Should the British government apologise for the slave trade? First of all, whom should they apologies to? Anyone who’s suffered because of the slave trade; but they are all dead. Are they, though? Couldn’t it be that people still suffer to this day as a consequence of it? If so, those people deserve an apology. Furthermore, don’t people whose ancestry has suffered from the slave trade deserve an apology? They do if, and only if, what happened to their ancestors bothers them to this day – and in some cases it will.
Now the difficult question: why should the British government apologise for the slave trade? Because the British government recognises the slave trade as abhorrent. It does. And because the British government was involved in the slave trade; by, in the very least, allowing it. But certainly, one will want to say, this British government was not involved. Indeed, no member of this government was involved. And no one who voted for this government was involved. It was too long ago. So, there is no responsibility, just on the ground that they did not do it.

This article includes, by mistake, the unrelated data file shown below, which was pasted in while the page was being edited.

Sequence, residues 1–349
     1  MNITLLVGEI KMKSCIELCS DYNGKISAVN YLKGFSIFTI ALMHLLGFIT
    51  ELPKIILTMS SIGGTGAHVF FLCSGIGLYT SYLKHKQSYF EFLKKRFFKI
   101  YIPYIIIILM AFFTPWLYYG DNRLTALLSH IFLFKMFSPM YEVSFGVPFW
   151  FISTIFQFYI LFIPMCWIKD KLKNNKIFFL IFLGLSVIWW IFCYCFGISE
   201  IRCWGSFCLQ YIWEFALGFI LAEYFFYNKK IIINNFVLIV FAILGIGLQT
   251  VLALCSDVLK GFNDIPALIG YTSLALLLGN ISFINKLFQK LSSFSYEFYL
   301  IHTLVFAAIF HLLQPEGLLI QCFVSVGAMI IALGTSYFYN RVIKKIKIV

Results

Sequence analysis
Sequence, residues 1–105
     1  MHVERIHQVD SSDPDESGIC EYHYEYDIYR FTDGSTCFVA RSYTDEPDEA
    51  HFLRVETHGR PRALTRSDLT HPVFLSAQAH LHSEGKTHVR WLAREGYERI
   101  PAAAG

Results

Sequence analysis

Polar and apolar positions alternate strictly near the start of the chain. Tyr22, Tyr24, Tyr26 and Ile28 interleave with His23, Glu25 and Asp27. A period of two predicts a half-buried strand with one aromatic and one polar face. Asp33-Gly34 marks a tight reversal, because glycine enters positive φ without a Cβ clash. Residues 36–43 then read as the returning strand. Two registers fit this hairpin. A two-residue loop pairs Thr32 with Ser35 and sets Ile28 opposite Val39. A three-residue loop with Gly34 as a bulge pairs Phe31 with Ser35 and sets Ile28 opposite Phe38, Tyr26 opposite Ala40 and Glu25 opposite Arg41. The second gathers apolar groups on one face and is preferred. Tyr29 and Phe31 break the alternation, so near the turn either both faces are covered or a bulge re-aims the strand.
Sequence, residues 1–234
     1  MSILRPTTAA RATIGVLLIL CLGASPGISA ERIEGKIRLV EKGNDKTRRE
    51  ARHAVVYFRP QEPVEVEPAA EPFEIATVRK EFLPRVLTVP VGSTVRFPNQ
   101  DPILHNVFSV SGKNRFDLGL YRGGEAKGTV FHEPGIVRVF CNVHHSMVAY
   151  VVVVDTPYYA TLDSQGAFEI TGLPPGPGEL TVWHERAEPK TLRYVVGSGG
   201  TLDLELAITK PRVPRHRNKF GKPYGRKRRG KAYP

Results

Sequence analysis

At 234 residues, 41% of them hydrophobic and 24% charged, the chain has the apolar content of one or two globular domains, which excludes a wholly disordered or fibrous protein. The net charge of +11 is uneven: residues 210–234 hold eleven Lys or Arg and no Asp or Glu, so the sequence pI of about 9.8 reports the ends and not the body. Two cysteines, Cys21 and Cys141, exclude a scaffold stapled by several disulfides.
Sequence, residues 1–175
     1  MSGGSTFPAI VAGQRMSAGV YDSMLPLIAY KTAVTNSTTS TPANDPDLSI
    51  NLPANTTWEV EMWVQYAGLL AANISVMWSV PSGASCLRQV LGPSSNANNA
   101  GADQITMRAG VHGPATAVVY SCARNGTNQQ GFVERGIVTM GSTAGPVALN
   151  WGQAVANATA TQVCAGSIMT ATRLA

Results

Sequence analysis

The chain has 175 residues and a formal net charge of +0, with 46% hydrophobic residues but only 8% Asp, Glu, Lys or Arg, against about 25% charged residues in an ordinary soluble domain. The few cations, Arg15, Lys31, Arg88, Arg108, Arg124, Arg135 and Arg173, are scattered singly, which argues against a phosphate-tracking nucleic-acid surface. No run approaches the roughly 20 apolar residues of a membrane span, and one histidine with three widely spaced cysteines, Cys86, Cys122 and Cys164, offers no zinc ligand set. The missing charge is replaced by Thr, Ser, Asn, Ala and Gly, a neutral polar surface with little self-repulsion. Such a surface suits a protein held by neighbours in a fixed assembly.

Two problems with this: first of all, if we have recognised, as we have, that anyone alive today, who suffers today as a result of the slave trade, deserves an apology, then should we not recognise that anyone alive today, who profits today as a result of the slave trade, should issue that apology? We probably should; and it is probably the case that there are people, today, still profiting from the slave trade – someone whose family got really rich through the slave trade, and who is still enjoying the wealth to this day. But even accepting this, it does not mean that the British government should apologise for them. That, surely, would be their individual responsibility if anyone’s, and so it should be themselves, and not the government, to issue an apology.
The second problem is more fundamental: isn’t the British government an historic continuity, such that there is only one thing, the institution by the name of “British government”, through history? If that was so, then Blair’s government, today’s British government, is directly responsible for the slave trade, on the ground that it was the agent who perpetrated the crime, if one accepts, as we should, that ‘The British government was involved in the slave trade”. In this proposition, ‘British government’ identifies an institution which is still in existence, in the shape of Blair’s government, rather than a set of people long dead that used to constitute those British governments that were involved with the slave trade.